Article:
The acting chairman of the Economic and Financial Crimes Commission, EFCC, Mr. Ibrahim Magu, on Saturday, commended Mr. Adamu Dan Musa, the Commission’s head of operations in Kano Zonal Office, for successfully leading a team of detectives that recovered $9.8 million and 74, 000 pounds sterling from the residence of a former Group Managing Director of the Nigerian National Petroleum Corporation, NNPC, Mr. Andrew Yakubu.
The NNPC is Nigeria’s national oil company, which is notorious for gargantuan corruption and outright theft, and President Muhammadu Buhari has been trying to restructure it to make it more efficient and less corrupt.
Mr. Magu said the officer and his teammates demonstrated “courage, professionalism and integrity” in executing the raid that yielded the “astounding discovery”.
He called on staff of the Commission to emulate the team as the EFCC is poised to take the fight against corruption to new heights.
It was not only the amount of money recovered that was outstanding; it was the location of the venue that housed the millions of dollars that left many impoverished and angry Nigerians in a state of shock.
In all, EFCC said it recovered $9.772,800 (almost 9.8 million dollars) and £74,000 (seventy four thousand pounds sterling) in Mr. Yakubu’s home during a raid on 3 February. The house was located in the slums of Sabon Tasha area of Kaduna. Sabon Tasha is a poverty stricken area of the state capital.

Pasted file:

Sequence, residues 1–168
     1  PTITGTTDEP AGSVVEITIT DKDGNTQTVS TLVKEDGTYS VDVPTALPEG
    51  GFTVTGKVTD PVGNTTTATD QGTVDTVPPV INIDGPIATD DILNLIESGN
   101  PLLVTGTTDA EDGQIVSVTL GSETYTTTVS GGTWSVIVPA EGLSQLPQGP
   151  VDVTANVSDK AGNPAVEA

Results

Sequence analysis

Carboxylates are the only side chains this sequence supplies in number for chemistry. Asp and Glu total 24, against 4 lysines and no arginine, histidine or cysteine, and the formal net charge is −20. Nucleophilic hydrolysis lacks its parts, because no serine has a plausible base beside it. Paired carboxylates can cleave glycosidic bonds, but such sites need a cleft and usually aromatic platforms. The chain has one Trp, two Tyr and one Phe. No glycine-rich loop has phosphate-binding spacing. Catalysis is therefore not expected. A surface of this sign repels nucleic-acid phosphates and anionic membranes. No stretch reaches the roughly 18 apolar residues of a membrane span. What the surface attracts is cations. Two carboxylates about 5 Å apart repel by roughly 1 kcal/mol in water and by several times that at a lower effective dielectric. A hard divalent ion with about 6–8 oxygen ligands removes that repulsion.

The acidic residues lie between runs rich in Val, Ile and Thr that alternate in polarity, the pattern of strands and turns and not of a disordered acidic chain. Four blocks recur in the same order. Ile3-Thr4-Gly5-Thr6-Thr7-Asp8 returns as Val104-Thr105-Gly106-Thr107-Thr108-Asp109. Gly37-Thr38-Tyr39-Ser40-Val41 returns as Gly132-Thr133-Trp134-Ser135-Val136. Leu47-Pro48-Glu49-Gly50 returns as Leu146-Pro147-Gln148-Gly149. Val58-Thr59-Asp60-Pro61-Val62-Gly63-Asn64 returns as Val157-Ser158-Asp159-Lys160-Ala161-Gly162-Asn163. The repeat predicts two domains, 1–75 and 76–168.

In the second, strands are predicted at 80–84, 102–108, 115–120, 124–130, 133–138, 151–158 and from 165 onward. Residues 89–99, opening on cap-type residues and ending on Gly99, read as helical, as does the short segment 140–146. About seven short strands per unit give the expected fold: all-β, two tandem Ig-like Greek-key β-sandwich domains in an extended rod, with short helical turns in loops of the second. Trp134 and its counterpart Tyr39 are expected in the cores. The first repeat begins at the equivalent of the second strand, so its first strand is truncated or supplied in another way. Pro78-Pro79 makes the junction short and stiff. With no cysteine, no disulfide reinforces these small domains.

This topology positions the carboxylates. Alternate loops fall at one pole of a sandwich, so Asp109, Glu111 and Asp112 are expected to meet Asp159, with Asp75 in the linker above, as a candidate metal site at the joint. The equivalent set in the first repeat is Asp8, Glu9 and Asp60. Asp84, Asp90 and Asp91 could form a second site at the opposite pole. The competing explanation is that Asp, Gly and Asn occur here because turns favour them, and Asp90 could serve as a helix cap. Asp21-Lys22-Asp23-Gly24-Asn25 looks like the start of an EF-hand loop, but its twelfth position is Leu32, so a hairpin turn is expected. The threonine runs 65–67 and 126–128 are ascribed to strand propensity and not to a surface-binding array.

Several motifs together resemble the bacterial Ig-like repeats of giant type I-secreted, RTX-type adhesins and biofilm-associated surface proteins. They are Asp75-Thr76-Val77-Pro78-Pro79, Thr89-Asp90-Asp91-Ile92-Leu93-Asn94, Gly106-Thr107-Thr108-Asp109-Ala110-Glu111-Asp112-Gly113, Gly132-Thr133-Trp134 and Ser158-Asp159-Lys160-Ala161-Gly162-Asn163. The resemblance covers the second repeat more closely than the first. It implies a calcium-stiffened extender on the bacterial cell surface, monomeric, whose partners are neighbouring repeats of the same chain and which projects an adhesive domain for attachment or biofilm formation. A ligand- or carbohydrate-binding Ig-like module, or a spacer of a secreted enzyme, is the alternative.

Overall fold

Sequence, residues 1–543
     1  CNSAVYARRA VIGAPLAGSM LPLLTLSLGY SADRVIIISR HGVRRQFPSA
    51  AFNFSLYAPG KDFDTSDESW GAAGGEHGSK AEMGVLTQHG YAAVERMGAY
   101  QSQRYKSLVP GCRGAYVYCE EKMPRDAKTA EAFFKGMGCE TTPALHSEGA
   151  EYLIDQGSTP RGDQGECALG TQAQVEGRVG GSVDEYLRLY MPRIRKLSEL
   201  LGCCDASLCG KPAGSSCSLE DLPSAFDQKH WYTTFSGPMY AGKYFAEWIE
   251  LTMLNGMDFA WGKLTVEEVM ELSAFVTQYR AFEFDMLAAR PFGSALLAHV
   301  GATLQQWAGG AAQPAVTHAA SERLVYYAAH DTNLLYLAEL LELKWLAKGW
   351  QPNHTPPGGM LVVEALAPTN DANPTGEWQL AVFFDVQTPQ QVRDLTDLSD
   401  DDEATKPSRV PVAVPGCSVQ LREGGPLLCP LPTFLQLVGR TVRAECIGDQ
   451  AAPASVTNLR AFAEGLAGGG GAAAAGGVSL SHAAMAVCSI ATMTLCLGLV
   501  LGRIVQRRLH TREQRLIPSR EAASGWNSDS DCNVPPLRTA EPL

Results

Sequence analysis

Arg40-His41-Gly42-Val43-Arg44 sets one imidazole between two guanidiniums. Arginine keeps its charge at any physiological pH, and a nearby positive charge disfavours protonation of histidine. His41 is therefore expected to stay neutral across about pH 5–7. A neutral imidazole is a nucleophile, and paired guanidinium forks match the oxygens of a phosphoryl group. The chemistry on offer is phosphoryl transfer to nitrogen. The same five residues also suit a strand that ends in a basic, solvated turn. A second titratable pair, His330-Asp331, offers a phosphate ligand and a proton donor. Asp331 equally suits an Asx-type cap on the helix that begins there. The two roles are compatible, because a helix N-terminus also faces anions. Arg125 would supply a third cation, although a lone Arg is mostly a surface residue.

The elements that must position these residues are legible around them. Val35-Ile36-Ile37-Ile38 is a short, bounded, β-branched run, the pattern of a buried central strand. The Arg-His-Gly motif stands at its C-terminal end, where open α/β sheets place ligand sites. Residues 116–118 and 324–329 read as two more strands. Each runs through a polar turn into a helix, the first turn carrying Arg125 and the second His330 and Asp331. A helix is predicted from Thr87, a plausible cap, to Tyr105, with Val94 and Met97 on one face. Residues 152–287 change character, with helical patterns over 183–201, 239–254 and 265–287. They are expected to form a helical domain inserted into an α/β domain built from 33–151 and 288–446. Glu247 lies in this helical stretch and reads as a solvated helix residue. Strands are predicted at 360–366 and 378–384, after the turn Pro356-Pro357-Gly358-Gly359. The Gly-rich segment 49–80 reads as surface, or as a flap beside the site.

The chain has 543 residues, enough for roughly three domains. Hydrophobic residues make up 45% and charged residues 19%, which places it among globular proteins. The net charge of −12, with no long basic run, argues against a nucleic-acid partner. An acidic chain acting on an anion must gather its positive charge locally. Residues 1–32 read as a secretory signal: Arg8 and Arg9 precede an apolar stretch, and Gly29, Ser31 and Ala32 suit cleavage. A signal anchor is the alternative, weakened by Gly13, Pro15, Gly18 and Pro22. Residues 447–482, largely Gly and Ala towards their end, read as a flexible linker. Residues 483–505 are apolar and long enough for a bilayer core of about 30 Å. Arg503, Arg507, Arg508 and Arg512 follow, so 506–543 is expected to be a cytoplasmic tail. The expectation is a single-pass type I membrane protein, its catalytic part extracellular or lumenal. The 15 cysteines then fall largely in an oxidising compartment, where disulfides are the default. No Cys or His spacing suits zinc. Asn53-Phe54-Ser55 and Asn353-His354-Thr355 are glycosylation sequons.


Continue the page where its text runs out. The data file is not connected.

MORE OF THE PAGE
EFCC said on arrival at the facility, the caretaker of the house, one Bitrus Yakubu, a younger brother to Andrew Yakubu, disclosed that both the house and the safe where the money was found belonged to his brother, Andrew Yakubu.
“When the safe was opened it was discovered that it contained the sum of $9,772,800 (Nine Million, Seven Hundred and Seventy Two Thousand, Eight Hundred United States Dollars) and another sum of £74,000 (Seventy Four Thousand Pound Sterling).
On February 8, 2017, Andrew Yakubu reported to the Commission’s Zonal office in Kano and made statement, admitting ownership of the recovered money and claiming it was gift from unnamed persons. He is currently assisting the investigation.
In a country where corruption is still high, many Nigerians have been trying to convert the recovered funds into their country’s currency where a dollar now buys more than 500 Nigerian naira and a pound buys at least 600 Nigerian naira.
Going by those high exchange rates, it all comes down to about 5 billion for the dollars and 44 million naira for the pound, a huge amount of money capable of building many schools or healthcare centres Nigeria is desperately in need of at a time where oil prices have crashed and the country has been going through one of its worst recessions.